Another young dad says: "Contactís a killer. The motherís parents want her to stick in at college, to get a decent job, and they see me as a waster - not good enough for her. Iím starting to feel they are right, and maybe I should just drift off the scene."
What they all said, though, was that while there were support groups for the mother, they as new and young fathers had few people to turn to - especially if their own parents felt let down.
Now the authors of the report have called for more recognition of the vital role that young men can play in caring for their children.
A total of 54 girls aged between 13 and 15 gave birth in the Lothians in 2000 (the last year for which figures are available), while a further 55 in the same age group terminated their pregnancies.
And while they would have received plenty of support, the study states that services set up to support parenting are traditionally targeted at mothers, which can further marginalise men in childcare.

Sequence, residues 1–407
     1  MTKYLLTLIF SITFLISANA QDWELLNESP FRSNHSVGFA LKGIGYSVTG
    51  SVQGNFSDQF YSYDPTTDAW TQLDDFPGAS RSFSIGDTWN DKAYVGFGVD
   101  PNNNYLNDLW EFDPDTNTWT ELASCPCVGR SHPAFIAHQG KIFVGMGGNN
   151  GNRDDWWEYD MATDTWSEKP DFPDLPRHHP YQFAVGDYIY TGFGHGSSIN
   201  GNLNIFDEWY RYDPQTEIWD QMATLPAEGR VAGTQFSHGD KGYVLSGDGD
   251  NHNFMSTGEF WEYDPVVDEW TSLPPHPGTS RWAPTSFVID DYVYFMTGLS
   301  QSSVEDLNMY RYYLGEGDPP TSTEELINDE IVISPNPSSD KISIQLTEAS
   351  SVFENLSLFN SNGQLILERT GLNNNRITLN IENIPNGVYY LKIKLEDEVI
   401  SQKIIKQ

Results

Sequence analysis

The research was carried out on behalf of parenting support group First Steps by social policy consultant Brian Cavanagh - who also chairs Lothian NHS Board - and social work lecturer Mark Smith.
"A lot of young dads are cut out by both the girlsí families and society in general," explains Mr Cavanagh. "If theyíre not married, they could have real problems with custody and rights of access. Often the girl will be encouraged to continue with her education, and her family will look after the child. The boy is then squeezed out.
"Young men are just coming to terms with puberty and discover that they are going to be dads. There are some who donít want to know if a girl gets pregnant. But some lads do want to be involved.
"These young dads want to do their best but have no strong legal rights. They have to just try to come to an arrangement with the girl.
"They could pursue their case in court, but where do they go for information? They probably wonít get Legal Aid. And they are worried about getting some woman in a twinset and pearls being judgmental.